When I imagined what my Thursday morning would look like as a cold front pulled into Cape Town, it did not involve cycling through the township of Masiphumelele in Kommetijie. Snow threatened to fall on Table Mountain and the rain had already shown its face.
Our guide, Zwai, cycled a little way in front of us looking back every known and again to check that we were keeping up. I pulled my scarf tighter around my neck to ward off the chilly breeze and tried to focus on stopping by back pedaling and not with my hands as these bikes had no breaks on the handle bars. With Zwai beckoning us to stop outside a childcare centre, a dog running past me and blogger Abigail King, stopping in front of me, I tried to stop, forgot to backpedal and crashed lightly into her bike. I could see it coming, my brain just didn’t remind me to use my feet in time. It was all fun and giggles as we joked about these strange bikes.
We parked our bikes within the gates of the Masivelane childcare centre and popped our heads in through the doorway. We were welcomed in by three local ladies who work here with 65 kids from 7am to 5pm every day. They were currently assisted by three volunteers from Britain. The 3-5 year olds sat quietly around red, yellow and green tables munching sandwiches, rice and other meals provided by their parents. It didn’t take them long to ask my name in Xhosa, I replied “Lauren” and some stared at me in fascination whilst the little girl beside me drew nearer and smiled.
The babies were in the adjoining room. Two young to feed themselves, a staff member fed each one in turn from a bowl. I sat down on a tiny red chair, the exact same chairs I’d had as a child and held a beautiful girl in a pink jersey. She was too little to talk, but enjoyed the affection. Others napped in their cots, one girl walked around never smiling. But it was the young, chubby boy on the chair beside me that I absolutely fell for. His big cheeks seemed to grow even larger as he continually smiled and placed his little hand on my leg and drew nearer so he could lean on me.
I didn’t want to have to leave him, but Zwai said it was time to go and before we were off, we visited the back room where the six year olds were eating. Way more confident and boisterous, these children asked our names, wanted to touch our phones and see the photos we’d taken on our cameras.
We peddled off to the workshop of Baby Shweshwe clothing, founded and owned by Ndileka. Growing up and watching her mom sew, she began to love it and at 19 she started renting her own sewing machine before she was able to buy her own. Before studying fashion design, she sewed after hours to feed her family. Once she obtained a diploma, she started her own label, Baby Shweshwe, clothing from children using denim and traditional Xhosa Sweshwe fabrics from South Africa’s Eastern Cape. Beautiful patterned t-shirts and tiny, colourful trousers were displayed on hangers. And a friendly staff member stopped her work behind a sewing machine to greet us and show us around.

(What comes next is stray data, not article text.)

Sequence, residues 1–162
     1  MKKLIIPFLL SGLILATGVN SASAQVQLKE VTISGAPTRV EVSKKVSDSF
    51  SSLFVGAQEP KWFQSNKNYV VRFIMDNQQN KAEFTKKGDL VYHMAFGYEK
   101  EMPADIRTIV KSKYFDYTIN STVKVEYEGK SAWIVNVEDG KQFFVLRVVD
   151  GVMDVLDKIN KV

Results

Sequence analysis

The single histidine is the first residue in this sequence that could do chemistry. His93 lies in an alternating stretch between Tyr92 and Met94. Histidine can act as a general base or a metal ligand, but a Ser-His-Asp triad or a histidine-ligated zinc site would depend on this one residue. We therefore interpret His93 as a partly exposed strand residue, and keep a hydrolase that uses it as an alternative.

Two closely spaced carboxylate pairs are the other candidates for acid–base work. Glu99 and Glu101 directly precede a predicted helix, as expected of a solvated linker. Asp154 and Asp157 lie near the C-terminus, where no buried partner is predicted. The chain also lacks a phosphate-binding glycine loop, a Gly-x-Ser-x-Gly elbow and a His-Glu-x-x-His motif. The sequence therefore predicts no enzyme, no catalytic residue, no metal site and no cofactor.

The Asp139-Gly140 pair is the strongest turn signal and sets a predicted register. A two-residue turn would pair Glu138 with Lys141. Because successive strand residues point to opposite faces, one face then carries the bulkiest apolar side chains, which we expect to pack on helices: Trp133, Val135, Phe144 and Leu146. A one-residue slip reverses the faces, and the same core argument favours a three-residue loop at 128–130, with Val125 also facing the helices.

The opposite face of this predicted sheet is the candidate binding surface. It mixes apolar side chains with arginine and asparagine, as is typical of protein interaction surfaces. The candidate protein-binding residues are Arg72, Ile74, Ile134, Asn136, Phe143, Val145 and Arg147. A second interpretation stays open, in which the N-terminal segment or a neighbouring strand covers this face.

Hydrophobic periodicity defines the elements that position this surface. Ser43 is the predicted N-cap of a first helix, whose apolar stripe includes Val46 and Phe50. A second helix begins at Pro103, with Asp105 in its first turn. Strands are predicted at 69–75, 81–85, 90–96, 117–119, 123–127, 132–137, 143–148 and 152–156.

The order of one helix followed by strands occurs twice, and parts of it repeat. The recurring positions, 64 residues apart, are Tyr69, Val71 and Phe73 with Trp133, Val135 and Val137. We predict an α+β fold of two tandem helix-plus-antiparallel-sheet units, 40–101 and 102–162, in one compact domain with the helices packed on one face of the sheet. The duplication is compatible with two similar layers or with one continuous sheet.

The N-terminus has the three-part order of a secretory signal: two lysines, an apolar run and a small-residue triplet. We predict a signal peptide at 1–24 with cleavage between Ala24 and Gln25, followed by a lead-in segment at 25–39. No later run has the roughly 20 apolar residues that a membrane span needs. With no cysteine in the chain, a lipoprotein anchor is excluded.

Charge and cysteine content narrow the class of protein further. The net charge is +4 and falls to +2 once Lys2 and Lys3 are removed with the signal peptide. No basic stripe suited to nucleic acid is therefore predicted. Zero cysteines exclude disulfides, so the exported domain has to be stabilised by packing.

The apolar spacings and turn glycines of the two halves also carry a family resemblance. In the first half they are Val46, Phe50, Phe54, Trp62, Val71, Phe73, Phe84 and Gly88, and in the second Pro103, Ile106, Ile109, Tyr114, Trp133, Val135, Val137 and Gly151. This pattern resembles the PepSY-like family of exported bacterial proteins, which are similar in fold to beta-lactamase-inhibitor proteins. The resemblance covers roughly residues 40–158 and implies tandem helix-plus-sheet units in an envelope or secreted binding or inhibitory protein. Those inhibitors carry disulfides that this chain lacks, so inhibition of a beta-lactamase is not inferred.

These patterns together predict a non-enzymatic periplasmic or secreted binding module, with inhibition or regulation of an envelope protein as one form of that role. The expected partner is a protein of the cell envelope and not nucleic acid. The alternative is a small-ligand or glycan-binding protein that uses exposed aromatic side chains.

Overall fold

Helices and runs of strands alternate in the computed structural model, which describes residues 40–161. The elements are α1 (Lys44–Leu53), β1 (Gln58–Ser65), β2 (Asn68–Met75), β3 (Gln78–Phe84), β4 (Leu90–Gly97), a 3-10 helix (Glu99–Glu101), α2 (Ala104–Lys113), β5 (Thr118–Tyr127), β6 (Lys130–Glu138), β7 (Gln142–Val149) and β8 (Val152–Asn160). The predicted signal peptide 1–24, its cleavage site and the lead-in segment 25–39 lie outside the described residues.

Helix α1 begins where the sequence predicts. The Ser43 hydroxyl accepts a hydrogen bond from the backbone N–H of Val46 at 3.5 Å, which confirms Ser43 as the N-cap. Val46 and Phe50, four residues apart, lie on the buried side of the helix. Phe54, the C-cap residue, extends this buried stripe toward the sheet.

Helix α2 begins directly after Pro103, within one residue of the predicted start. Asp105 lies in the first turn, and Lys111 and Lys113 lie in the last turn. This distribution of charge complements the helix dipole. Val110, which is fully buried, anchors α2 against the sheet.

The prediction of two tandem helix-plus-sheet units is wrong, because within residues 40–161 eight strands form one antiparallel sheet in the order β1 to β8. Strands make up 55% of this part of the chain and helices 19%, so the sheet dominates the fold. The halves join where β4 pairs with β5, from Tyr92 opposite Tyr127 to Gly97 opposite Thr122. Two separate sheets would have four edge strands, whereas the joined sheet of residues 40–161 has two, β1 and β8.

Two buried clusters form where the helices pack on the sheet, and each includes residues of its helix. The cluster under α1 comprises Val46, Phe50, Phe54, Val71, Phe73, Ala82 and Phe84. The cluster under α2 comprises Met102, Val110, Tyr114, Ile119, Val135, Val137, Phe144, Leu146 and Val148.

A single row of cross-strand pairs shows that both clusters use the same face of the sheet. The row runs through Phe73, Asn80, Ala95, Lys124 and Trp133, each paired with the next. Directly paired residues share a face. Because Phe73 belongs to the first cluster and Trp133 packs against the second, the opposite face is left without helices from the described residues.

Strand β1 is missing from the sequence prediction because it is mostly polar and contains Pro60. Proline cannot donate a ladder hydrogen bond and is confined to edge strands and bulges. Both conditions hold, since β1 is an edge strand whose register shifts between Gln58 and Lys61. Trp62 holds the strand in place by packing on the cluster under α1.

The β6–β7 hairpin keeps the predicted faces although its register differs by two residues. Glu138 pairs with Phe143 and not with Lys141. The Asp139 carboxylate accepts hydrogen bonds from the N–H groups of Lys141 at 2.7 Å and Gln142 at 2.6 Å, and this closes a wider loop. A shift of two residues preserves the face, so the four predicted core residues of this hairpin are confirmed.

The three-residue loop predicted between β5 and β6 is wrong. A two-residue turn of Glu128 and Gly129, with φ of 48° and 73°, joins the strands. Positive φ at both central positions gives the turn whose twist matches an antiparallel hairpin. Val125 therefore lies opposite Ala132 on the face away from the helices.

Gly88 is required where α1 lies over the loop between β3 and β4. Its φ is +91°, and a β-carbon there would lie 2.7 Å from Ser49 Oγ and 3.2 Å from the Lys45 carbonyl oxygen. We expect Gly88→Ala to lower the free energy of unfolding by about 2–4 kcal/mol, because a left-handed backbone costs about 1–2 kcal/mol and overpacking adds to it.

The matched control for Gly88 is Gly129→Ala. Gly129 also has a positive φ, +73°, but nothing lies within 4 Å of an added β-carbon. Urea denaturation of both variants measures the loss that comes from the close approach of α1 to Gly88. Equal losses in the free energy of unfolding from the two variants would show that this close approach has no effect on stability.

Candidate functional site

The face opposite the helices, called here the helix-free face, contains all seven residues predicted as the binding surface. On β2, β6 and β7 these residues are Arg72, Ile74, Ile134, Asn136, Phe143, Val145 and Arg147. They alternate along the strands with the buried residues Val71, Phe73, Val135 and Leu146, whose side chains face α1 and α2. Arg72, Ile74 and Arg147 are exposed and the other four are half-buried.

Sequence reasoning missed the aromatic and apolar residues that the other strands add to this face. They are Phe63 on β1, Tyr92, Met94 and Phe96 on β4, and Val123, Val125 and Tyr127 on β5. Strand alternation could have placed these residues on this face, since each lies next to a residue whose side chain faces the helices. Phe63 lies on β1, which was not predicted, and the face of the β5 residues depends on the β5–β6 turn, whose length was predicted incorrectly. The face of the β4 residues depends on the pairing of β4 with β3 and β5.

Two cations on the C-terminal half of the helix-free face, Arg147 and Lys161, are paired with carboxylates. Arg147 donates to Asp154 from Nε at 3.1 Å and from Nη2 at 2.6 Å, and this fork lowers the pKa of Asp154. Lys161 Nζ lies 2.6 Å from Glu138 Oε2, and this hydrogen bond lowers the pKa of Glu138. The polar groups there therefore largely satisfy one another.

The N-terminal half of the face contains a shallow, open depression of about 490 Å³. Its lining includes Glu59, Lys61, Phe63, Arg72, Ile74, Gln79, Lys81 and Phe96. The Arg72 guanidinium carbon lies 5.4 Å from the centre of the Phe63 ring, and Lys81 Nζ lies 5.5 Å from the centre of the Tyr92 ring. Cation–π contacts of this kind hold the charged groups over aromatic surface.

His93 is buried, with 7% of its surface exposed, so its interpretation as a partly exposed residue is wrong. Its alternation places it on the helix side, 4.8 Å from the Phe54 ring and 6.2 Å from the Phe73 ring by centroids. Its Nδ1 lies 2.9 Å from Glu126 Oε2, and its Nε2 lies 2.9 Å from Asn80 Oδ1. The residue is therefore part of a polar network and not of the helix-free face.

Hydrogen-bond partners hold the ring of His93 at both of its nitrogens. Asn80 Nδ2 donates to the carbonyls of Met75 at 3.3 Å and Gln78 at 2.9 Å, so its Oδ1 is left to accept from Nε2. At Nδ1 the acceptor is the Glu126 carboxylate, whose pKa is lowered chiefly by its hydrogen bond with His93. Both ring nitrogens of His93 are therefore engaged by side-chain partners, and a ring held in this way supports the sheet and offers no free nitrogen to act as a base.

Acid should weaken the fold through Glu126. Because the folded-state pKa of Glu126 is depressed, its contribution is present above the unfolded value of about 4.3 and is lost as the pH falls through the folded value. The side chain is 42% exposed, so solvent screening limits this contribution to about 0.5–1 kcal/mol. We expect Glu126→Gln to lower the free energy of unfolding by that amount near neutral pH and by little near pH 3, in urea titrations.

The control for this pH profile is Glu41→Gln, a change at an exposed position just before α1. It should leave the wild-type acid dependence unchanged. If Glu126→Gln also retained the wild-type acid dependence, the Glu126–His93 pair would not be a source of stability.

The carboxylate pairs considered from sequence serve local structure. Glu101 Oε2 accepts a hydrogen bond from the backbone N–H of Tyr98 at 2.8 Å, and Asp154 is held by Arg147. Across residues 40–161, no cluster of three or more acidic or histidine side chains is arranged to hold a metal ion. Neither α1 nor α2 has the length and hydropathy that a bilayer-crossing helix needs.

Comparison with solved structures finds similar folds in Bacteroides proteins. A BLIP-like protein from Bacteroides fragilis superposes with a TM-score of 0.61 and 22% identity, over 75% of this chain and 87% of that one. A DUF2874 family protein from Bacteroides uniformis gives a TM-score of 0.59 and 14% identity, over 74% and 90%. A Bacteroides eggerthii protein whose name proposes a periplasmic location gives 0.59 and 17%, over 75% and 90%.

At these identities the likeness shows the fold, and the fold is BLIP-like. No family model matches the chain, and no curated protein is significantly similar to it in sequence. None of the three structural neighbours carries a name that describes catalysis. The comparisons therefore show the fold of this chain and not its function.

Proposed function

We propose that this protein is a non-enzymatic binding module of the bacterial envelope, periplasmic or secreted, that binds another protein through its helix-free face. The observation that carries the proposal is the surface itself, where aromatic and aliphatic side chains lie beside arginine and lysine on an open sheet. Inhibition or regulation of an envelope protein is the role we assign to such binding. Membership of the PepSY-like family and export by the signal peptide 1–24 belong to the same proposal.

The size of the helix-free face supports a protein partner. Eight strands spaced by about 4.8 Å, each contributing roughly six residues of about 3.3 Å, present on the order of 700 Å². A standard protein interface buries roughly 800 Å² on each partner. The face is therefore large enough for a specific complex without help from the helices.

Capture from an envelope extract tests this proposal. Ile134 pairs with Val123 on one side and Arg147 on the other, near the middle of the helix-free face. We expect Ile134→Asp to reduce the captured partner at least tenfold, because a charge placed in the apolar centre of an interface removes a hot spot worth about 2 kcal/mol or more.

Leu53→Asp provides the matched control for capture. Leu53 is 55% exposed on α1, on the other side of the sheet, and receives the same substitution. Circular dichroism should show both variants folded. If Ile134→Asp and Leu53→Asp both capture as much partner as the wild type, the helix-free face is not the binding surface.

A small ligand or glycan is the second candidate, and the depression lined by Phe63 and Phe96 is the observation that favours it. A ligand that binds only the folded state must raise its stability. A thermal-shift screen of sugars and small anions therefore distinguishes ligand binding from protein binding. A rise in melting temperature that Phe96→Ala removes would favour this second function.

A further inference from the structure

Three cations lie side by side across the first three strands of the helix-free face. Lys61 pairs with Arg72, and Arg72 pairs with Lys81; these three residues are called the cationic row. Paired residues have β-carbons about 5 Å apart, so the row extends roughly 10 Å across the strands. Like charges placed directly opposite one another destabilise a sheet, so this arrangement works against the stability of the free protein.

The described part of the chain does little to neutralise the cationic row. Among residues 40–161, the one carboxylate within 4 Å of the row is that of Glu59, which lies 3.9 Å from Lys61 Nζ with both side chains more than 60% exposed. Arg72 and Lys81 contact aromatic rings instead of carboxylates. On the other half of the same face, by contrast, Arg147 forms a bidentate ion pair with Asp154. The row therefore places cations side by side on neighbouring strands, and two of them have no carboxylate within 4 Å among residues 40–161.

We said goodbye and just around the corner, we parked our bikes beside a dark grey, murky river which was partly being used as a dumping site. Due to poor sanitation and lack of a proper sewerage system, the smell in this area was something to behold.
On foot we walked through the tightly packed shacks on patches of carpet which had been laid down to avoid the sand turning to mud. We passed washing hanging on lines, dogs wandering around and a mother with her baby wrapped to her back.
When we arrived at the Sangoma’s house, he already had two couches full of locals awaiting consultation. The role of the Sangoma (traditional healer) has been a very important one within many tribes and communities within South Africa. Zwai explained that whilst many young black South Africans prefer to go to Western doctors and hospitals now, their parents choose to consult these healers who are practitioners of traditional African medicine. Zwai told us that some can take many years to become a Sangoma but once they do it is believed that the ancestors of the Sangoma will hear from the patient’s ancestors what their particular ailments are and be able to heal them thereafter.
This particular Sangoma lit the imphepho (African Sage), whilst a woman behind him began beating a drum and others starting singing. Unbeknown to us at the time, this is the way they usually summon the ancestors. He danced around the smoking plant and tapped his feet onto the ground in quite a jarring fashion all whilst the songs continued. Sangomas are known to administer muti (a combination of plant, animal and minerals) to cure illness, spiritual difficulties and to bring luck, protection or love.
Just as the rain starting pouring, we found refuge inside Ngolozas restaurant and shebeen. In no time large, juicy lamb chops had been braaied over the coals as well as spicy sausage and delicious chicken wings. Together with pap, a staple for many South Africans, and beans salad we grew full so quickly as the rain continued to fall.
We said goodbye to Zwai who was already gearing up for his next tour of the day. Whilst a significant portion of South Africans grow up living in townships living in less than adequate housing, many wealthier locals have never been inside a township or get to experience a day in a life of a family who call this home.
Although this was not my first experience in a township or Masi in particular, I gained so much insight into the roles of various individuals within this community and its rich spirit of togetherness. For many outsiders looking in, their living conditions and lifestyles may seem bleak, but inside there is so much optimism, hope and a rich entrepreneurial spirit within its people.
Even though this experience was sponsored all views expressed are my own. All photos in this post were taken with my cellphone camera.